The Pharma-Nutrition interface: the gap is narrowing
SummaryMost pharmacologists will acknowledge that nutrition is important for good health and well-being, however, at the same time it is also considered to be a chemical nightmare with unknown effects. This has not always been the case, in the past connections between pharmacology and nutrition has been more intimate, as Hippocrates once stated, ‘‘Let food be thy medicine and let medicine be thy food.
Most pharmacologists will acknowledge that nutrition is important for good health and well-being, however, at the same time it is also considered to be a chemical nightmare with unknown effects. This has not always been the case, in the past connections between pharmacology and nutrition has been more intimate, as Hippocrates once stated, ‘‘Let food be thy medicine and let medicine be thy food. Only nature heals, provided it is given the opportunity’’. Indeed, the ancient Greeks divided medicine into three categories: diet, pharmaceutical and surgical medicine. They were not the only ones; many so-called traditional medicinal systems followed this thinking with nutrition being used as a normal part of health prevention therapy.
In more recent times, however, particularly in the western world, nutrition and pharmacology have developed as rather separate disciplines. Faced with a rapidly developing world, nutrition has had to provide safe, healthy food with limited resources to an ever expanding population. Even today malnourishment is still a harsh reality for millions of people world-wide while many more, suffer from the deficiencies of bad nutrition.
Pharmacology, having strong roots in experimental physiology developed in the western world into a field in which biologically active compounds of either natural or synthetic origin were investigated for their properties to change organ and body functions. Following the rapid developments in synthetic chemistry during the last century its main focus shifted towards single compounds which high selectivity and potency. However, since a number of years the gap between both disciplines is narrowing, a movement that is coming from two sides.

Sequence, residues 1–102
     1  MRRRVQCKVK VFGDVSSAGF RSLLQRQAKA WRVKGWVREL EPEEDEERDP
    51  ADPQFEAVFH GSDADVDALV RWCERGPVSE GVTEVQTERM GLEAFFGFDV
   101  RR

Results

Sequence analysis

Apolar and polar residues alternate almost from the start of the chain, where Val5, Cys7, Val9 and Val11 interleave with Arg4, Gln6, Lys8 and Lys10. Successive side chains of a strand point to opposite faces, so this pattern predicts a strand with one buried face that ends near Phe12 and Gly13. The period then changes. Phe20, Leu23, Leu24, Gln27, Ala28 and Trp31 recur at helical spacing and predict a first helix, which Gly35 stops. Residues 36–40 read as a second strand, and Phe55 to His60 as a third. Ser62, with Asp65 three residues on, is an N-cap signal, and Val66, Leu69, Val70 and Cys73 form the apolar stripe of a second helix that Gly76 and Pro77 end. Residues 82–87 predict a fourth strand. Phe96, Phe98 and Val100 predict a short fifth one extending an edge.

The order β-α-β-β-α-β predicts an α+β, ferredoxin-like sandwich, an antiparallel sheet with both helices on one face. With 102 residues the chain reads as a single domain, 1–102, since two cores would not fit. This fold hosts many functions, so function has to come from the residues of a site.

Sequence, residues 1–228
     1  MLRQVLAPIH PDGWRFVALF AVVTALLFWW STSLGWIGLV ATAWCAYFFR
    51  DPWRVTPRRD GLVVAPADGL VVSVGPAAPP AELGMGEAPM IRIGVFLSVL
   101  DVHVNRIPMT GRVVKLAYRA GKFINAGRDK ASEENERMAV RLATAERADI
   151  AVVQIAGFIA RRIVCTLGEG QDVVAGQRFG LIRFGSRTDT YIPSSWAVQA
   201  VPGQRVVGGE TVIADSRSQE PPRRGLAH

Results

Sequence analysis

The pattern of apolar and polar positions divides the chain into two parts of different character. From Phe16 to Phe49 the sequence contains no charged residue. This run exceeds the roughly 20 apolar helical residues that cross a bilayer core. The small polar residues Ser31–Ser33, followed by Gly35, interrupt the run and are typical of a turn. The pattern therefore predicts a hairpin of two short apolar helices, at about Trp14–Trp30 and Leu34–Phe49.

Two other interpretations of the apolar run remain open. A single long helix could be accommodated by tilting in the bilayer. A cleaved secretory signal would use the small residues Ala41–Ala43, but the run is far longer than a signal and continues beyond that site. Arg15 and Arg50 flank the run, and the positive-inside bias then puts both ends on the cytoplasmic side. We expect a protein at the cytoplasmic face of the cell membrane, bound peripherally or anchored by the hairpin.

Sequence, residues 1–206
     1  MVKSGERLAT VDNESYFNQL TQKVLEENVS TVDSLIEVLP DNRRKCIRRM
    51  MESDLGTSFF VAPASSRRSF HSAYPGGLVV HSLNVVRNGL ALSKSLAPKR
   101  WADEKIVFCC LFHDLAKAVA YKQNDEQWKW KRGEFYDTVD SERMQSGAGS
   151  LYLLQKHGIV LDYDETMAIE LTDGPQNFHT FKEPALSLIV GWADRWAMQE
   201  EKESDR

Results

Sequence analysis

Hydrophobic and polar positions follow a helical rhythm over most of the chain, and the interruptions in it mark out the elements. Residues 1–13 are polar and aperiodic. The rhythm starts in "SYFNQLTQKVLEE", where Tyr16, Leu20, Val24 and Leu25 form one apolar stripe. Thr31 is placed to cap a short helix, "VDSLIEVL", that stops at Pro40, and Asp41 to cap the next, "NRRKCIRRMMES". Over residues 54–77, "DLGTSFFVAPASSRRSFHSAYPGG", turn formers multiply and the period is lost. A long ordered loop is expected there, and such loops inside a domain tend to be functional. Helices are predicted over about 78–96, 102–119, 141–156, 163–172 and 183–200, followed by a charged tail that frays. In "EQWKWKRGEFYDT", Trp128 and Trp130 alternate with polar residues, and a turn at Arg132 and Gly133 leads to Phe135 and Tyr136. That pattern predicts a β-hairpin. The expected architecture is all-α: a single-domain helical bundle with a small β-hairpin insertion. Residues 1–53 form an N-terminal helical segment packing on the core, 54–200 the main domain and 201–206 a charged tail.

Pharmacologists are increasingly realizing that the one disease– one target–one drug concept does not always provide the most successful cure, in particular not for chronic and degenerative diseases. This has led to new strategies for therapy and drug development, including system biology-based approaches, the principles of multi-target pharmacology , and the use of “dirty” or “promiscuous” drugs.
When it comes to understanding the subtle regulation of metabolic diseases and the complexity of pathological disturbances pharmacology can benefit from nutrition science. Vice versa, nutrition science is realizing that the principles of pharmacokinetics and pharmacodynamics provide mechanisms to understand the effects of both essential and nonessential components in our diet. The increased scientific and commercial interest in functional foods and food supplements has further intensified research and development in this area. Many food companies are actively engaged in finding new bioactive compounds that can be used in food products. Some discovery programs in the food industry resemble approaches used in the pharmaceutical world, starting with molecular targets that are not infrequently derived from drug targets. Furthermore, translational research using in vitro, in vivo and clinical studies has become the standard in both nutritional and pharmaceutical companies. Last but not least, the clinic has become increasingly aware of the power of nutrition in improving the outcome of disease or therapy.
The Pharma-Nutrition conference will be the first and foremost platform dedicated to the interface between pharma and nutrition and will aim to highlight, both from a conceptual and a clinical perspective, a number of new developments that are taking place at the interface of pharmacology and nutrition.
Reminder- Accepting abstract submissions now!
Abstract Submission 3rd December 2010
Early bird registration: 3rd December 2010